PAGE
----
Ricco: Stability and functionality. LEGO Technic models are more sturdy than the LEGO system models, you can play a bit more roughly with them. LEGO Technic offers more functionality than many LEGO System models.

TBs: As an adult, what would be for you the perfect size for a LEGO Technic set?

Ricco: We are constantly doing a lot of concept models in different sizes, it looks like biggest models like the 8258 Crane Truck is about the limit for a LEGO Technic model, if they get much bigger some of the elements will not be strong enough to carry the model.

TBs: This year we made a quite successful challenge at TBs with your great support. Shortly after you have decided to start a series of challenges at towards the Technic youngster builders, where the AFOLs somehow ended involved either.

Can you make a balance on how this initiative as developed so far? Does it have fulfilled your expectations and objectives? The Technic AFOLs are demanding to play a stronger role in this. Do you have plans to answer this demand in the future?

Monica: Let me first state that the LEGO Technic Challenge that is currently running on the LEGO Technic website was developed at the same time as our models were developed, so it had been in the pipeline for quite some time before the TBs reverse challenge.

The purpose of the building competition was to get kids to free build with LEGO Technic – to get them to see what they can do with LEGO Technic. But we also wanted to set some limitations, most of the model should be built with LEGO Technic elements and it should be within a certain theme.

Admittedly, we do not have as many kids entries as we could have hoped for, but that could be due to many different reasons e.g. that the LEGO Technic challenge is not being communicated actively off-line as other LEGO initiatives sometimes are. We are however very happy to see all the entries as they all mean that someone has been spending time digging into their LEGO Technic elements to create something unique.

But of course we also acknowledge the many adult entries that we see. The same goes for them, that it is a pleasure to see how LEGO Technic takes up a place in their “spare time” activities and that they also spend time to create that “one model” to try to win the competition.

Knowing that there were a lot of questions regarding the kids’ vs. adults’ entries and the general reaction in the AFOL community, we will of course make sure to take that into consideration if any future competition initiatives will be made.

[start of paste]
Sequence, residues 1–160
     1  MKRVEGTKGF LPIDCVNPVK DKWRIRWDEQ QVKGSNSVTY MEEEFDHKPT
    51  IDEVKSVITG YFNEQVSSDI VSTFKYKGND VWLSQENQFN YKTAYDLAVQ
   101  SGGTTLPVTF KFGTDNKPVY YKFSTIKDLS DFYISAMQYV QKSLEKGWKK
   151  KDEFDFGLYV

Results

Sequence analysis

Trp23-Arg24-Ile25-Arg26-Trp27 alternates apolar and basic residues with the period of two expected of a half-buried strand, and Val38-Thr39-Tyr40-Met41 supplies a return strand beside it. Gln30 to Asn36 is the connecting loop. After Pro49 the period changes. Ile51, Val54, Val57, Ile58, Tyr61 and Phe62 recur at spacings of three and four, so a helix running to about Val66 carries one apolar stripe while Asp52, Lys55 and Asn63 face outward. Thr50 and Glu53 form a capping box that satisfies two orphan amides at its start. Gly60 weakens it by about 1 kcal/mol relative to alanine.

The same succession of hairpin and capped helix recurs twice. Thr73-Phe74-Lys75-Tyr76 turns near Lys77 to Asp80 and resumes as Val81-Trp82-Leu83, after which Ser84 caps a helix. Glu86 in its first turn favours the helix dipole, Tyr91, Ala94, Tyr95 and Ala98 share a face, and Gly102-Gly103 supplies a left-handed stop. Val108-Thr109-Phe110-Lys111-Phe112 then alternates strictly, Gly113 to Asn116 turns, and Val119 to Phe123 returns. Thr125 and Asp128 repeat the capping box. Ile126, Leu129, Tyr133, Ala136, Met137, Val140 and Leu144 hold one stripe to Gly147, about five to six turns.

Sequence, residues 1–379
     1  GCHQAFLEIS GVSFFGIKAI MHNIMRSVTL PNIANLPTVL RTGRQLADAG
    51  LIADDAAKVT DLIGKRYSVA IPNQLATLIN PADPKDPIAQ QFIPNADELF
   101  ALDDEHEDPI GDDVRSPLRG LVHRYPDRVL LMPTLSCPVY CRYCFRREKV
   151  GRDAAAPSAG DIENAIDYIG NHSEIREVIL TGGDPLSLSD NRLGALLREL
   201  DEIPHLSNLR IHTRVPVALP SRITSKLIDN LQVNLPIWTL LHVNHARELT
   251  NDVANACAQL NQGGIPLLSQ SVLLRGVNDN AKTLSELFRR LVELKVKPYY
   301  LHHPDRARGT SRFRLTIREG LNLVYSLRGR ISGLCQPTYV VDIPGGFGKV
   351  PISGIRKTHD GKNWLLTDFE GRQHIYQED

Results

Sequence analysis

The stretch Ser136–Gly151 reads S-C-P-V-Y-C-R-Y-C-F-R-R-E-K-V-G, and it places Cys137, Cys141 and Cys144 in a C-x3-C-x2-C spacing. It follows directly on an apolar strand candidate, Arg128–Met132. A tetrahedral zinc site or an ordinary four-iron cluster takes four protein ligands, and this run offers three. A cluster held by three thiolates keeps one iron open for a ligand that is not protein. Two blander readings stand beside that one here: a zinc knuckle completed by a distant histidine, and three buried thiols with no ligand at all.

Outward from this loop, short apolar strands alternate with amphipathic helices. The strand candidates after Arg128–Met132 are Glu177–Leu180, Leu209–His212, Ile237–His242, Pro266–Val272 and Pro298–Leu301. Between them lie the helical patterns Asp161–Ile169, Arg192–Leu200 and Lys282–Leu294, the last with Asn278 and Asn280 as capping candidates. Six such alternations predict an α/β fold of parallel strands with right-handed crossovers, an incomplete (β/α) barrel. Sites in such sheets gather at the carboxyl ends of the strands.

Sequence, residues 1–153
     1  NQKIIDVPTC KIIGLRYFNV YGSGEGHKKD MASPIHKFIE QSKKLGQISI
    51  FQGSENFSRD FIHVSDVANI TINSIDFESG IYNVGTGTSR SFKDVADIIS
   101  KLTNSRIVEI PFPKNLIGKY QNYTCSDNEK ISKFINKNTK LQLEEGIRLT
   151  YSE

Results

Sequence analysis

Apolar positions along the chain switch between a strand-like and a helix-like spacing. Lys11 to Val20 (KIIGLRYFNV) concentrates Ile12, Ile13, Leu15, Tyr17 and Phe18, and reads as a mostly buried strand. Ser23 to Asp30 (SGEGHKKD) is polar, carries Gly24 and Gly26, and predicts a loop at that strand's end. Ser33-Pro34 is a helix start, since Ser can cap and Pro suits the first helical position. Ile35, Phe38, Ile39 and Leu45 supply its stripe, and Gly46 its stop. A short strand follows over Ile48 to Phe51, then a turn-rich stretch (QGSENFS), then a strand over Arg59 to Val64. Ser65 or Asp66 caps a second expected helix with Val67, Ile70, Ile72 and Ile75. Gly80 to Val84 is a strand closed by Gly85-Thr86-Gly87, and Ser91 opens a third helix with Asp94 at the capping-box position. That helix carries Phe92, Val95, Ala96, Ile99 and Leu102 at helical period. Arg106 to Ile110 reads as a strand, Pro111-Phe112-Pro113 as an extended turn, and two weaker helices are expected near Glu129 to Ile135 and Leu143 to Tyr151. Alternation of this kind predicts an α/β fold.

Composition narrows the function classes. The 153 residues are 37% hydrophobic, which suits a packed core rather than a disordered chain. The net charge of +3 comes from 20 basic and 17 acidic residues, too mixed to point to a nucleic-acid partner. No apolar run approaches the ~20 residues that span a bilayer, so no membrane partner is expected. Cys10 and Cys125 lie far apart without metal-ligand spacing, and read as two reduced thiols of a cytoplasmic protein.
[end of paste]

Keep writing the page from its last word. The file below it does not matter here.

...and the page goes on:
TBs: Monica, we know now that you are moving to work at a different LEGO product line. Do you want to tell us something about your experience working with LEGO Technic?

Monica: It has been a pleasure working for LEGO Technic. The team of Designers and Building Instruction Developers are extremely dedicated to making high quality models and building experiences and I have been very impressed with their commitment to LEGO Technic. But it has also been very exciting getting to work with the adult fan community, to follow your discussion and reactions to our models. It is extremely rare that a company can get so immediate and true reactions to their products – but we can! And that has been a great experience as well. I wish you all well – and will still be following you on-line.

TBs: And about what you are going to do next?

Monica: I will have to investigate much more about vehicles in the future as I will be moving to the LEGO Racers. I have some very exciting things in the pipeline and cannot wait to get much more involved in that product line.

It was been fantastic to have you working close with the Technic fans community. Monica, we wish you the best success for you in the next challenge in your career, and for Ricco that he won't loose any bit of inspiration leading the designers team to delight us with ever better and interesting models.

Thank you both!

Tuesday, July 13, 2010

TBs TechPoll 20 - 2010, 1st Half - Favorite week TechVideos

Because of extra work with my LUG events in the past months, it looks I missed to post the usual TechVideos poll for the 1st Quarter...
But we are never too late, so I decided to wait for the 2nd quarter and do poll for the whole 1st half instead.

In the next two weeks, you can vote your favorite video(s), among those highlighted during the 1st half this year (2010, 1H) under the 'Week TechVideo' tag.

Bellow it is the list with the videos posted within this period:

A big list to recall, this time...
As usual, you can vote for more than one video.

- This video poll does not aim to select the best MOC, but rather well done videos featuring a LEGO Technic model, a nice video reportage from a certain Technic subject as part of an AFOL event, or
some cool/innovative thing with interest for the Technic fans community.
- These are videos that somehow caught my eye at some point, thus based on a personal choice, and do not intend in any way to be considered as the best representatives from the work done by the Technic fans.